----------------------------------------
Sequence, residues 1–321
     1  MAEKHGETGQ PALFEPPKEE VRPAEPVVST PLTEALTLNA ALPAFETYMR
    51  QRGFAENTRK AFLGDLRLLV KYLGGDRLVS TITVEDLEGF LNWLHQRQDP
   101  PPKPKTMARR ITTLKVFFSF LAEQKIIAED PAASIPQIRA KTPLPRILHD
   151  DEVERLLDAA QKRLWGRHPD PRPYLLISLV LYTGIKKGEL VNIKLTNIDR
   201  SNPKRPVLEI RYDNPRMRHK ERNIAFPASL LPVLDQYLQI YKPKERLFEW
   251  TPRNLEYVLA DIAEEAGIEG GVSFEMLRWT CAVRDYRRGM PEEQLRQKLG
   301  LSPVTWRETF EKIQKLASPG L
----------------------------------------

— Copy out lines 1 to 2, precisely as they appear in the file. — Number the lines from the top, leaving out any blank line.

Sequence, residues 1–321
     1  MAEKHGETGQ PALFEPPKEE VRPAEPVVST PLTEALTLNA ALPAFETYMR